Worse, the Toolkit offers succour for those who think Learning Styles might be a good bet, suggesting it’s likely to result in an additional two months worth of progress for every year’s worth of instruction. If you delve a little deeper, you’ll find that actually this is based on a median effect size of 0.13 – well bellow Hattie’s hinge point of 0.4. And further, we see that this effect size in only as high as 0.13 because of the findings of an unpublished piece of PhD research!
This is an embarrassment! Surely we could come up with a more sensible approach to informing teachers about the best way to support disadvantaged children?
The second point about ‘using evidence vs using prejudice’ is that I know for a fact that there are very many people who, given the same source of evidence as me, will arrive at entirely different conclusions. The problem isn’t either using evidence or using prejudice, it’s that everyone interprets evidence according to their prejudices. I’ve outlined the problems with cognitive bias here, but for a more extensive analysis, you might find my book What If Everything You Knew About Education Was Wrong? useful.
Those at the EEF are as prone to prejudice as anyone. Take the example of the decision to fund further research in Philosophy for Children. There are serious misgivings with the way the trials so far have been run and Greg Ashman makes the point that some at the EEF are overly attached to the perceived benefits of ‘meta-cognitive strategies’.
This is an excessively broad category of teaching interventions aimed at increasing thinking about learning. Reading comprehension tricks fall into this group and such strategies seem ripe for expectation effects (e.g. the placebo effect).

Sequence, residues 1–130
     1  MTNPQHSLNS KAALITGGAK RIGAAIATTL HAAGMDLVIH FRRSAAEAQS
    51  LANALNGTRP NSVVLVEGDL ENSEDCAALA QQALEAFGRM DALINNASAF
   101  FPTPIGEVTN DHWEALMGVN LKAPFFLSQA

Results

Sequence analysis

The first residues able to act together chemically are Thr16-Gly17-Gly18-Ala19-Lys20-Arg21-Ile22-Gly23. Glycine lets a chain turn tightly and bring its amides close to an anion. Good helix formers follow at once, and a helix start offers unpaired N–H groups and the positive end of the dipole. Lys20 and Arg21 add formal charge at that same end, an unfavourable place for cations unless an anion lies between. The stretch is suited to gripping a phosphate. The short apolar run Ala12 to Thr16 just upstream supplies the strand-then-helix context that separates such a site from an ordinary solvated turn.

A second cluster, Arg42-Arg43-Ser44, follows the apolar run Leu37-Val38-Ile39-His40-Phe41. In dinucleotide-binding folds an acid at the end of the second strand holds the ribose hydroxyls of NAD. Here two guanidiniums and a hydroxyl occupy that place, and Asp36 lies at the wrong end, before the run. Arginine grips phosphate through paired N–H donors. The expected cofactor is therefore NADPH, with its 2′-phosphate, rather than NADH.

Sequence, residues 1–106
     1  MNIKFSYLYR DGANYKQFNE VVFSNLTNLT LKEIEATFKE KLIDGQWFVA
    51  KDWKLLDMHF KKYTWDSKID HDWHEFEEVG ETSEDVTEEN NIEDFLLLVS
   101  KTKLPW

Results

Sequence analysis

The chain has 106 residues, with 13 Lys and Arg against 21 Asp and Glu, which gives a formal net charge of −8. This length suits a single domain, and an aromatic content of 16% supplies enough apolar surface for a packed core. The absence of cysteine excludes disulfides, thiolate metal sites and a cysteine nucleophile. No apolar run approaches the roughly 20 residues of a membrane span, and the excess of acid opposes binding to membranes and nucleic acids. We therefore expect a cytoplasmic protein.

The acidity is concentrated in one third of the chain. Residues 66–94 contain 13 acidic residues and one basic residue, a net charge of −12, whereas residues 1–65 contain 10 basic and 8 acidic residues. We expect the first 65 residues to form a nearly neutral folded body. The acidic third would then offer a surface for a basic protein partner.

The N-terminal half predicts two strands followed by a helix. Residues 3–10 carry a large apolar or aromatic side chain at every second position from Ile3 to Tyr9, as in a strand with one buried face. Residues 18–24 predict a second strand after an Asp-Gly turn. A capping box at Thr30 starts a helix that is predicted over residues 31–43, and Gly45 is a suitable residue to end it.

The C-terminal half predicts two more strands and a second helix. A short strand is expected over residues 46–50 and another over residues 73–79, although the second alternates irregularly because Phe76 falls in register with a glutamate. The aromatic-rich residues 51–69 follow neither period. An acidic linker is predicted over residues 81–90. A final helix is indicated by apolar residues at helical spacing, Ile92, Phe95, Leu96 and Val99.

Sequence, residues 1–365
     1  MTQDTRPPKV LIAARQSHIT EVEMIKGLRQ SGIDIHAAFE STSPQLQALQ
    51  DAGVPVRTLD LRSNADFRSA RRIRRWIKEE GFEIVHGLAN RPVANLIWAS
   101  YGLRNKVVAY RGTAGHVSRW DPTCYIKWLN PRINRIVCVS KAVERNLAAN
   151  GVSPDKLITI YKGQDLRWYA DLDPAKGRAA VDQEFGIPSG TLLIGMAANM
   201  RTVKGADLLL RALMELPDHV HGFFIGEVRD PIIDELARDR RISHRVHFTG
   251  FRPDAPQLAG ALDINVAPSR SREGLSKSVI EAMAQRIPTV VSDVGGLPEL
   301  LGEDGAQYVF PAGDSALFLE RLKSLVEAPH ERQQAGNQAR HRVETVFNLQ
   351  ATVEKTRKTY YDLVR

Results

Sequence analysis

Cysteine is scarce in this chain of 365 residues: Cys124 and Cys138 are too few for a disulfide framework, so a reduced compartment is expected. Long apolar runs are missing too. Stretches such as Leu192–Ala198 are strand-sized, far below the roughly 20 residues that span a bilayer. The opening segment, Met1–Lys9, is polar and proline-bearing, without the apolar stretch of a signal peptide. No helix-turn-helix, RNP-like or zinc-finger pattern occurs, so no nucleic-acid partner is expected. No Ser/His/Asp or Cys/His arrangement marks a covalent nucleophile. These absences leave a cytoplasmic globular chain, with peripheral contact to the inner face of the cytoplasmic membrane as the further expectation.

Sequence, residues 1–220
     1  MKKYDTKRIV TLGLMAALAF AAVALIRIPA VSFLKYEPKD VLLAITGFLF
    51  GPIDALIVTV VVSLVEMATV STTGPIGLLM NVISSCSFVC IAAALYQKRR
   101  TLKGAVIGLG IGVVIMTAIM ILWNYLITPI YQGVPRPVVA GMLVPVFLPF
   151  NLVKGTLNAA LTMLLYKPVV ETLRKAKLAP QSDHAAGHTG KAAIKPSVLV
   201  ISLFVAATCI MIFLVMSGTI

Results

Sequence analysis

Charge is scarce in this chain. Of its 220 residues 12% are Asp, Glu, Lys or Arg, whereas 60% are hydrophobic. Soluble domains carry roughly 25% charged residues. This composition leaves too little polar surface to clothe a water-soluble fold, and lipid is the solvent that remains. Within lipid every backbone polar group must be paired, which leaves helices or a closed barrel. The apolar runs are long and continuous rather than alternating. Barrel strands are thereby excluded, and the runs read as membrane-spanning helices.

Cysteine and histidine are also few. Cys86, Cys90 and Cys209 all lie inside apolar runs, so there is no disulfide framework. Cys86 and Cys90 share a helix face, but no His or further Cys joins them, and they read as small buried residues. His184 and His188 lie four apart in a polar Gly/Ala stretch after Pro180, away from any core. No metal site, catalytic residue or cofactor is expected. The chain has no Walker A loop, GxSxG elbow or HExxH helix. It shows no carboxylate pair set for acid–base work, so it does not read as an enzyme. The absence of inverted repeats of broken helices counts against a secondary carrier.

Perhaps this has led to an unconscious bias at EEF headquarters. During [Jonathan] Sharples’ presentation he suggested that the results from trials of meta-cognitive strategies were consistently positive with a similar effect size. Yet he seems to have forgotten about the recent EEF trial of cognitive acceleration, a meta-cognitive approach to science lessons. This trial found no effect for cognitive acceleration.
Of course I agree that evidence is vital in our efforts to transform the life chances of disadvantaged children but I’m not sure we can confidently conclude, as John does, that “we have to improve the quality of teaching in our schools: it is the only thing that matters.” Really? The only thing? Doesn’t it matter what’s being taught and how it’s being assessed? What about the quality of a school’s behaviour systems and pastoral care? Obviously the quality of teaching in schools is crucial, but what’s the point in teachers doing a fabulous job of teaching something rubbish? I’ve argued before that what we teach trumps how we teach. Charitably, we should probably conclude that by ‘quality of teaching’ John means to include these other things, but there will inevitably be some readers who conclude otherwise.
Maybe this suggests we need more or better evidence about what might constitute the best curriculum provision for disadvantaged children. But what I do know is that currently the EEF is as much part of the problem as it is part of the solution. It’s worth considering whether decisions about the education of the most disadvantaged is too important to leave to the prejudices of an ideologically driven, unaccountable clearinghouse who decide both what research to fund and what make available as part of a Toolkit.
John includes a quotation from the economist, Thomas Sowell’s book, The Vision of the Anointed: Self-Congratulation as a Basis for Social Policy: “It is so easy to be wrong-and to persist in being wrong-when the costs of being wrong are paid by others.” Quite so.